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Dairy contracts in European countries: research

Analysis on the current state of the dairy sector and supply chains within European countries and the application and impact of mandatory written contracts and their suitability and potential application in Scotland.


Footnotes

1. Revoredo-Giha, Costa-Font, Agra-Lorenzo and Akaichi are with the Food Marketing Research Team – Land Economy, Environment and Rural Society Research Group, Scotland’s Rural College (SRUC), King’s Buildings, Edinburgh EH9 3JG, UK, Phone: +44(0)131 5354344, e-mail: Cesar.Revoredo@sruc.ac.uk.

2. Patty Clayton is Senior Analyst, Dairy Market Intelligence Division, AHDB, Stoneleigh, Kenilworth, e-mail: Patty.Clayton@ahdb.org.uk. The volumes of raw milk under negotiation cannot exceed the thresholds set out at Community level and, in particular that: i) the volume of raw milk subject to bargaining does not exceed 3.5% of production total of the Union; ii) the volume of raw milk subject to bargaining produced and delivered to a particular Member State does not exceed 33% of national production total of the Member State itself.

3. i.e., the public organism commissioned with defending the competitiveness within the Spanish internal markets.

4. This section presents a summary of the study. For details, see section 7.3.

5. Kurtosis is a measure related to the tails of a distribution, higher kurtosis is the result of infrequent extreme deviations (or outliers), and as opposed to frequent modestly sized deviations.

6. This is expressed in the following quotation from The Grocer “What we do know, one industry source points out, is that supermarket supply deals have historically been weighted towards high volume and low margins so as to sustain low shelf prices. They are also used to “cross-subsidise” more expensive systems, such as retailer-aligned milk pools, and this has contributed to a commoditisation of the sector” (White, 14-12-2018).

7. On this respect a recent event cited in The Grocer was that Müller has lost listings at the retailers for its branded butter just months after it hit shelves. The processor introduced four Müller Spreadable products into Tesco, alongside a 250g unsalted Müller block (i.e., branded products) in May 2018. It was expected them to “disrupt the category” by focusing on taste and leveraging the brand power of Müller. However, Tesco ditched the entire range in November, while Waitrose stopped selling Müller Spreadable last month (i.e., December). A Müller spokesman said: “While Müller Spreadable is not listed in Tesco or Waitrose, we will continue to explore private label butter opportunities with both partners” (Perkins, 4-01-2019).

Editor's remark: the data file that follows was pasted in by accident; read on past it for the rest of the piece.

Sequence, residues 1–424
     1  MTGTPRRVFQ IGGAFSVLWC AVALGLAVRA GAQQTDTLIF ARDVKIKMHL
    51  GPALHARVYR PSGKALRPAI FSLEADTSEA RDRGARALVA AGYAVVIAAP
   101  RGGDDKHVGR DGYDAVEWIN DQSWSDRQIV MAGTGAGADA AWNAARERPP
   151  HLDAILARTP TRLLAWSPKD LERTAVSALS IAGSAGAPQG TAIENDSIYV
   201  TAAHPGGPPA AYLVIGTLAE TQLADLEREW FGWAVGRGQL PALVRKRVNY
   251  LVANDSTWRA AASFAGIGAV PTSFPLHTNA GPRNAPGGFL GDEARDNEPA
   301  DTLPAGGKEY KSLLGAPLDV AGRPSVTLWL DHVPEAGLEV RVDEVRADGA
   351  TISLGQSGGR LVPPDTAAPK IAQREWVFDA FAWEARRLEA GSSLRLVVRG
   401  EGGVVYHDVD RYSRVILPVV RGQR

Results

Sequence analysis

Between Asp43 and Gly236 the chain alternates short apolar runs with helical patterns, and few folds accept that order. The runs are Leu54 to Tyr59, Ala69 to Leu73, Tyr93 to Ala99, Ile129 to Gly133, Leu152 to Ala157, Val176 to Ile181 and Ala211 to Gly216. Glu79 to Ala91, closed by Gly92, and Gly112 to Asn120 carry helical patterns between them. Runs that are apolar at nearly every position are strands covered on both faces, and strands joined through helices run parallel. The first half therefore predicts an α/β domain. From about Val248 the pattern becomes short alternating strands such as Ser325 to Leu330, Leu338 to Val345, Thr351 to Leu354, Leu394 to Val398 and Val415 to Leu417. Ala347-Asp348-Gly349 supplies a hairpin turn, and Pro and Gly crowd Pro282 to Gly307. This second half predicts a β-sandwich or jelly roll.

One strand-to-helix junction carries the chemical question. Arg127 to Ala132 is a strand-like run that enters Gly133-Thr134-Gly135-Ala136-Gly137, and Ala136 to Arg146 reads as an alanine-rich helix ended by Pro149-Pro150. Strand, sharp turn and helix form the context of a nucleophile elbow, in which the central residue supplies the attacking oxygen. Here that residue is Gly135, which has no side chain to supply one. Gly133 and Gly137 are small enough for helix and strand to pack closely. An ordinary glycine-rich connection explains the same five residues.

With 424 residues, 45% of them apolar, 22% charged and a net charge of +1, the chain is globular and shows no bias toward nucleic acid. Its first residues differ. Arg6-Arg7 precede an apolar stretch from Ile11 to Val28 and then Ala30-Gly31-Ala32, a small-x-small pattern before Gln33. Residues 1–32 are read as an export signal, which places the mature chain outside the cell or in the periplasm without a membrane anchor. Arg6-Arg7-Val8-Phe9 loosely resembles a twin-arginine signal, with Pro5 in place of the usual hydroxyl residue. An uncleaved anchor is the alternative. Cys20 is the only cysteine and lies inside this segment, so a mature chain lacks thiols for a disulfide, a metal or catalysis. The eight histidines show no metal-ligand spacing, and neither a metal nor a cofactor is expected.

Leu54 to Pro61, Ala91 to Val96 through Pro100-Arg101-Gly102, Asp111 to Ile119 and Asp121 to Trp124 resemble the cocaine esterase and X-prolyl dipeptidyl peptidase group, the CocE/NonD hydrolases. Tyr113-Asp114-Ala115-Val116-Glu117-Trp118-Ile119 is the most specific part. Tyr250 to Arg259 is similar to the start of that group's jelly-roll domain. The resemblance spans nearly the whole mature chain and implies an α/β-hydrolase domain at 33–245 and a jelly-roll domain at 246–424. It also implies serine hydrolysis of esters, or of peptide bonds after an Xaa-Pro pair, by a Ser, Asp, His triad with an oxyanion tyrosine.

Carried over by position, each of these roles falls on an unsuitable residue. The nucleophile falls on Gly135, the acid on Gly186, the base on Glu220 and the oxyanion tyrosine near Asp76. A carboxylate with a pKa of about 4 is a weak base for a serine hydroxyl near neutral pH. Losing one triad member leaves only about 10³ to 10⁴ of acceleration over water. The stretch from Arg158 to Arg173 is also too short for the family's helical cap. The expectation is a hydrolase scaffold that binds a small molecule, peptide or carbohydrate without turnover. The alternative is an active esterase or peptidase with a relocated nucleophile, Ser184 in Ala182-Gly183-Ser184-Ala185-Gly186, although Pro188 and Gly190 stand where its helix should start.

8. This can be seen in the following news from The Grocer “Müller Milk & Ingredients announced today it would cut the price it paid to members of the Müller Milk Group (on Müller Direct non supermarket-aligned contracts) to 26.25p per litre from 1 March, which is a 1.25p drop on its January price and a 2.25p drop on the price it paid in December. The processor said the price cut reflected “a surge in milk production from farms”, with AHDB data suggesting off-farm milk production in December was the highest for a quarter of a century” (White, 2019).

9. Considering all dairy products and establishments with more than 20 employees.

10. Agra-Lorenzo, F., Revoredo-Giha, C., Costa-Font, M., and Subramanian, A. (2019). The impact of the implementation of mandatory written contracts on milk price volatility within twelve European Union member states: A GARCH analysis.  Contributed Paper prepared for presentation at the 93rd Annual Conference of the Agricultural Economics Society, University of Warwick, England, 15 - 17 April 2019.

11. Note that because the purpose of the analysis was to analyse the volatility of the actual price received by the farmers, the price series were not standardised by solids content (e.g., butterfat content).

Contact

Email: socialresearch@gov.scot

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